University of Cambridge > > Cambridge Usability Group > From Robotics to Patient Care

From Robotics to Patient Care

Add to your list(s) Download to your calendar using vCal

If you have a question about this talk, please contact Michele Ide-Smith.

As always, our tickets are free!

Safety, Effectiveness, and Design in Healthcare

Sign up for free tickets

Just over a year ago, an article appeared on Medium titled How Bad UX Killed Jenny, discussing how an error associated with a software UI resulted in the healthcare system completely failing a patient. Unfortunately, the realities of the event the article describes are a bit more complicated than it leads the reader to believe – Bad UX didn’t really kill Jenny, it was the healthcare system. But don’t panic, a lot of very clever people are working very hard to prevent these things from happening in the future.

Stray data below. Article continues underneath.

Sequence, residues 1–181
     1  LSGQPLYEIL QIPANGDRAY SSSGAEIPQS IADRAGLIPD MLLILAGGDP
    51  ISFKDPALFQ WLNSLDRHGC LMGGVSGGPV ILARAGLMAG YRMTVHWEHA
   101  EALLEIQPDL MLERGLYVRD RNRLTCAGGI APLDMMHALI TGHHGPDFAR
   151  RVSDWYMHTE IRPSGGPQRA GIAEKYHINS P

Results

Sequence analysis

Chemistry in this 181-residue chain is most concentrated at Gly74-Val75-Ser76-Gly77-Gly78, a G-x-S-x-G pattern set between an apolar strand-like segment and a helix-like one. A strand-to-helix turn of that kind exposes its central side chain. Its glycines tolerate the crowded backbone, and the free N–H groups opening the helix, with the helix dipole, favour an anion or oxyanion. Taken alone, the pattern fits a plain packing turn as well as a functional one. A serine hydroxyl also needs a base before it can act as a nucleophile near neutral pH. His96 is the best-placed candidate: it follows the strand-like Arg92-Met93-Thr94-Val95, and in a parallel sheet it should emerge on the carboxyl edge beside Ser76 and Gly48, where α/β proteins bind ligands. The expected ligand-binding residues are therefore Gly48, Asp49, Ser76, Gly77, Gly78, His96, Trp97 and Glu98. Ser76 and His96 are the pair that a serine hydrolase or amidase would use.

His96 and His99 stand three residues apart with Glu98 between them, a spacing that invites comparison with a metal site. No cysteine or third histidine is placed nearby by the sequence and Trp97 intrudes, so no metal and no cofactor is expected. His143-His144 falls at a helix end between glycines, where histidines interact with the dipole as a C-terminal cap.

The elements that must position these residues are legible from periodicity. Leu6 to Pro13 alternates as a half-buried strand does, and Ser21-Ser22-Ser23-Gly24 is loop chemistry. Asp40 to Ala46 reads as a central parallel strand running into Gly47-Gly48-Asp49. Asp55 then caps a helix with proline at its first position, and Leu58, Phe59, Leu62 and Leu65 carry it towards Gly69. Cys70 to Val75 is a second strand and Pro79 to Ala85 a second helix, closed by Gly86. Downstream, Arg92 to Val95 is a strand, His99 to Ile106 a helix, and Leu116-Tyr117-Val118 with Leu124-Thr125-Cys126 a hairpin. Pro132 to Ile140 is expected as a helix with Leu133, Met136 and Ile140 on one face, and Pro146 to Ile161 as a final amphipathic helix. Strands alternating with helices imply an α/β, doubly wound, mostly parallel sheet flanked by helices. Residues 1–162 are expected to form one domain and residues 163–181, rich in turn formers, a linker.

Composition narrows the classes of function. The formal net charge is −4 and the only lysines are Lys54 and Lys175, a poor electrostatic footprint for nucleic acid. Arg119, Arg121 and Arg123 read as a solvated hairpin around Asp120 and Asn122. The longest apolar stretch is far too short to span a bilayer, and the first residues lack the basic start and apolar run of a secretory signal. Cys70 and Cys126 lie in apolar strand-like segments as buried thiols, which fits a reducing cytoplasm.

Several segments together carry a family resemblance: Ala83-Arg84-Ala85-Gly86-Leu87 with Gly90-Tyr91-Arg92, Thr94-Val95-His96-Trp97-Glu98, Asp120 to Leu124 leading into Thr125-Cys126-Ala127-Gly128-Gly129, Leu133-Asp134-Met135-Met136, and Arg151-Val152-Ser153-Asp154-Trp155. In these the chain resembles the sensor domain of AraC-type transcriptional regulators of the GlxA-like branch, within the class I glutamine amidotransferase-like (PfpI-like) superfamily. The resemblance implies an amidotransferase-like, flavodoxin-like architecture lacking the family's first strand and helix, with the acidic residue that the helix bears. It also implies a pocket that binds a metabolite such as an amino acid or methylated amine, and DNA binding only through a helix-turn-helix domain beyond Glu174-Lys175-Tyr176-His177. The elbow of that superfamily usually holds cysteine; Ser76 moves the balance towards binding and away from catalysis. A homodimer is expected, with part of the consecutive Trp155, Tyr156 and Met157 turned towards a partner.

This talk will give an overview of Usability, how it pertains to designing for the healthcare system (specifically medical devices) and why your next trip to the hospital probably won’t kill you, all from the perspective of a medical device design engineer with a penchant for Human/User/Patient-centred design processes and a dislike of traditional engineering thinking.

About the speaker, Jeremy Kooyman

Jeremy is a Medical Device Design Engineer with one of the many Cambridge-Cluster design consultancies. His interests include medical robotics, drug delivery devices, and trying to figure out why everyone wants iPhone apps for their medical products. When he’s not being an engineer, he’s probably climbing something, riding a bike, or ignoring his blog.

Sponsors and thanks

We are very grateful to Microsoft Research Cambridge for hosting this event and providing nibbles and drinks, and to Red Gate Software and Cambridge Consultants for sponsoring beers and pizza respectively at the Salisbury Arms, after the event.

This talk is part of the Cambridge Usability Group series.

Tell a friend about this talk:

This talk is included in these lists:

Note that ex-directory lists are not shown.


© 2006-2022, University of Cambridge. Contact Us | Help and Documentation | Privacy and Publicity